US10241886B2 - Application performance perception meter - Google Patents

Application performance perception meter Download PDF

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US10241886B2
US10241886B2 US14/295,494 US201414295494A US10241886B2 US 10241886 B2 US10241886 B2 US 10241886B2 US 201414295494 A US201414295494 A US 201414295494A US 10241886 B2 US10241886 B2 US 10241886B2
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computer program
performance
resource performance
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utilization
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US20150355992A1 (en
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Dmitriy Kolegayev
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SugarCRM Inc
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SugarCRM Inc
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Publication of US20150355992A1 publication Critical patent/US20150355992A1/en
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    • GPHYSICS
    • G06COMPUTING; CALCULATING; COUNTING
    • G06FELECTRIC DIGITAL DATA PROCESSING
    • G06F11/00Error detection; Error correction; Monitoring
    • G06F11/30Monitoring
    • G06F11/34Recording or statistical evaluation of computer activity, e.g. of down time, of input/output operation ; Recording or statistical evaluation of user activity, e.g. usability assessment
    • G06F11/3409Recording or statistical evaluation of computer activity, e.g. of down time, of input/output operation ; Recording or statistical evaluation of user activity, e.g. usability assessment for performance assessment
    • G06F11/3433Recording or statistical evaluation of computer activity, e.g. of down time, of input/output operation ; Recording or statistical evaluation of user activity, e.g. usability assessment for performance assessment for load management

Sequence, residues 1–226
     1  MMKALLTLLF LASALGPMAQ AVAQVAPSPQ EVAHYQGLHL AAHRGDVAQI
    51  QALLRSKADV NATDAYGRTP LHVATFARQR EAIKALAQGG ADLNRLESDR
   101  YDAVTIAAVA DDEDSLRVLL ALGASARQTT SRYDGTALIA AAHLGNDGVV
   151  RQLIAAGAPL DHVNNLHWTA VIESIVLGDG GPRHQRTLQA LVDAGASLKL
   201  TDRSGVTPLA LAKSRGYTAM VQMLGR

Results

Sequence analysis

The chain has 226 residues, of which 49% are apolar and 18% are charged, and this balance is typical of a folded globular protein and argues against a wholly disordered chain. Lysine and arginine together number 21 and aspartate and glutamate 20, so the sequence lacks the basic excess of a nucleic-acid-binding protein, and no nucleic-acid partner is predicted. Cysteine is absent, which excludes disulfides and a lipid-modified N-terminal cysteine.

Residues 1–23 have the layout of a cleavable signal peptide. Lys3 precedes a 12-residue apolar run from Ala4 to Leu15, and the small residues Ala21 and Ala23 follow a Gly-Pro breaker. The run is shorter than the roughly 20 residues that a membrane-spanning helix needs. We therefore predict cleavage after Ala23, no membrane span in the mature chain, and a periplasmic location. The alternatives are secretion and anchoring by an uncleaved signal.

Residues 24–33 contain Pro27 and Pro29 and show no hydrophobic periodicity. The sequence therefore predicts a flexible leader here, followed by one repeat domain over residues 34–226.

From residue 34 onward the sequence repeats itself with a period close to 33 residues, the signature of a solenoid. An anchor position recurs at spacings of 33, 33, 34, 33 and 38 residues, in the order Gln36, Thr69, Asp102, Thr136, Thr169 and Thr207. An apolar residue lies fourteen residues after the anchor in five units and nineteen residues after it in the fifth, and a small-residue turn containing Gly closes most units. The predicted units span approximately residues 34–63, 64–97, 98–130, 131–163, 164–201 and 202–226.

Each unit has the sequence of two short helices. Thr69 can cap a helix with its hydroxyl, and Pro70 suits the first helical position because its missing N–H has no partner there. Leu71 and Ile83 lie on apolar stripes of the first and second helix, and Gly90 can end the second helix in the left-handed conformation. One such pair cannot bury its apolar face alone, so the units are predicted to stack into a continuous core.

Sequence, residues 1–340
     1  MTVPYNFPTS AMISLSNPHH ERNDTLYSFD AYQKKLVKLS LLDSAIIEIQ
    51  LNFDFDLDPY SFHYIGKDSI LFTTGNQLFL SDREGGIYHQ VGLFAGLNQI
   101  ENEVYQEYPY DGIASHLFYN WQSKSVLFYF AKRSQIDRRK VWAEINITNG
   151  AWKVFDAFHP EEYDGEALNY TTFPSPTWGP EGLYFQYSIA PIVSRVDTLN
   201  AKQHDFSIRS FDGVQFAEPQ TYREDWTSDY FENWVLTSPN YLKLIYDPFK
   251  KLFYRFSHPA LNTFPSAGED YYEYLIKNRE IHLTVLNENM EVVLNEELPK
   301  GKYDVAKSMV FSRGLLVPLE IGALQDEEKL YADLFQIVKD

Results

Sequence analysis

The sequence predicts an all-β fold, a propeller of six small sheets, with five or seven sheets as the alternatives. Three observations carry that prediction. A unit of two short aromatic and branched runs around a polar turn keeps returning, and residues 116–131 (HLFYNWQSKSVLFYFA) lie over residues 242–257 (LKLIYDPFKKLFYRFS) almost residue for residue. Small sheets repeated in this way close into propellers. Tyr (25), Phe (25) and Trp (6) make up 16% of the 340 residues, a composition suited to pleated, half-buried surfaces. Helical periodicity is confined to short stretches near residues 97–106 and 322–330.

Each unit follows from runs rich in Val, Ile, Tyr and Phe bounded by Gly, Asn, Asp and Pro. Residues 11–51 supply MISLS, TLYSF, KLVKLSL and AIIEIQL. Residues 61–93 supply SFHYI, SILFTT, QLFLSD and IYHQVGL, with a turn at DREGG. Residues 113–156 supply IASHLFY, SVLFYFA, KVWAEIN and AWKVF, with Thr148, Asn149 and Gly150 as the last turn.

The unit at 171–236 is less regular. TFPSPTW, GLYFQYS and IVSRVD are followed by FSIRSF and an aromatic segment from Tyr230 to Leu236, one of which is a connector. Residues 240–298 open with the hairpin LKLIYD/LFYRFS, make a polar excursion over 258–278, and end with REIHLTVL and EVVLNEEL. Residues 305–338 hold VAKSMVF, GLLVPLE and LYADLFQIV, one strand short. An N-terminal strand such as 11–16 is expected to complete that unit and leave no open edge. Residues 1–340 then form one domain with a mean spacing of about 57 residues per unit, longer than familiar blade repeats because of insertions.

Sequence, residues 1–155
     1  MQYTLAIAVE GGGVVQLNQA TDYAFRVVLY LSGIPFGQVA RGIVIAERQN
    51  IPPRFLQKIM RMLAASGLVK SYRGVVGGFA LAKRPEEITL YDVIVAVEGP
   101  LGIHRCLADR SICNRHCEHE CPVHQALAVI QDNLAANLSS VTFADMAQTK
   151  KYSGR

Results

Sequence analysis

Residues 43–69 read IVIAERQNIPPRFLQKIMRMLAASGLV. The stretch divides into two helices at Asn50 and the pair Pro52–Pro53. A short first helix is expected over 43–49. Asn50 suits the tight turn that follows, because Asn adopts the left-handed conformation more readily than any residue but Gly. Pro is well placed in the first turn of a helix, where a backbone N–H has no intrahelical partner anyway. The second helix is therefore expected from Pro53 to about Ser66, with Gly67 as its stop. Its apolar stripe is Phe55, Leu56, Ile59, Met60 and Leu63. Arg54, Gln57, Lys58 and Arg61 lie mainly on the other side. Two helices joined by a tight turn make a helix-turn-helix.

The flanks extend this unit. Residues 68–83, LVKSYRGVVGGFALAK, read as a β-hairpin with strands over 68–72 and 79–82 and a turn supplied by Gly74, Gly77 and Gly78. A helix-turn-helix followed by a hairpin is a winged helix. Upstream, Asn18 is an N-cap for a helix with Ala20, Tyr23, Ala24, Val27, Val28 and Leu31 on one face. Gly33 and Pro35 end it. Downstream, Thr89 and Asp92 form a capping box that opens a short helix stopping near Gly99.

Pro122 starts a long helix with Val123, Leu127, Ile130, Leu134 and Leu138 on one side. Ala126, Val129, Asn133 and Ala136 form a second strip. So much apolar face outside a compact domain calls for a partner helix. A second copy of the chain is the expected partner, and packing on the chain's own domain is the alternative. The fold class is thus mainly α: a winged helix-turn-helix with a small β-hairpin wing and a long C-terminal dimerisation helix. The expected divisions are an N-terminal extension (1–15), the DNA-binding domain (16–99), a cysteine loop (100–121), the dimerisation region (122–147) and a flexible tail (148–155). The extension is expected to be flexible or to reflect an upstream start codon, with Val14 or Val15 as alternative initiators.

• GPHYSICS
    • G06COMPUTING; CALCULATING; COUNTING
    • G06FELECTRIC DIGITAL DATA PROCESSING
    • G06F11/00Error detection; Error correction; Monitoring
    • G06F11/30Monitoring
    • G06F11/3003Monitoring arrangements specially adapted to the computing system or computing system component being monitored
    • G06F11/302Monitoring arrangements specially adapted to the computing system or computing system component being monitored where the computing system component is a software system
    • GPHYSICS
    • G06COMPUTING; CALCULATING; COUNTING
    • G06FELECTRIC DIGITAL DATA PROCESSING
    • G06F11/00Error detection; Error correction; Monitoring
    • G06F11/30Monitoring
    • G06F11/3003Monitoring arrangements specially adapted to the computing system or computing system component being monitored
    • G06F11/3024Monitoring arrangements specially adapted to the computing system or computing system component being monitored where the computing system component is a central processing unit [CPU]
    • GPHYSICS
    • G06COMPUTING; CALCULATING; COUNTING
    • G06FELECTRIC DIGITAL DATA PROCESSING
    • G06F11/00Error detection; Error correction; Monitoring
    • G06F11/30Monitoring
    • G06F11/34Recording or statistical evaluation of computer activity, e.g. of down time, of input/output operation ; Recording or statistical evaluation of user activity, e.g. usability assessment
    • G06F11/3409Recording or statistical evaluation of computer activity, e.g. of down time, of input/output operation ; Recording or statistical evaluation of user activity, e.g. usability assessment for performance assessment
    • G06F11/3428Benchmarking
    • GPHYSICS
    • G06COMPUTING; CALCULATING; COUNTING
    • G06FELECTRIC DIGITAL DATA PROCESSING
    • G06F9/00Arrangements for program control, e.g. control units
    • G06F9/06Arrangements for program control, e.g. control units using stored programs, i.e. using an internal store of processing equipment to receive or retain programs
    • G06F9/46Multiprogramming arrangements
    • G06F9/50Allocation of resources, e.g. of the central processing unit [CPU]
    • GPHYSICS
    • G06COMPUTING; CALCULATING; COUNTING
    • G06FELECTRIC DIGITAL DATA PROCESSING
    • G06F2201/00Indexing scheme relating to error detection, to error correction, and to monitoring
    • G06F2201/81Threshold
    • GPHYSICS
    • G06COMPUTING; CALCULATING; COUNTING
    • G06FELECTRIC DIGITAL DATA PROCESSING
    • G06F2201/00Indexing scheme relating to error detection, to error correction, and to monitoring
    • G06F2201/865Monitoring of software
    • GPHYSICS
    • G06COMPUTING; CALCULATING; COUNTING
    • G06FELECTRIC DIGITAL DATA PROCESSING
    • G06F2209/00Indexing scheme relating to G06F9/00
    • G06F2209/50Indexing scheme relating to G06F9/50
    • G06F2209/508Monitor

Abstract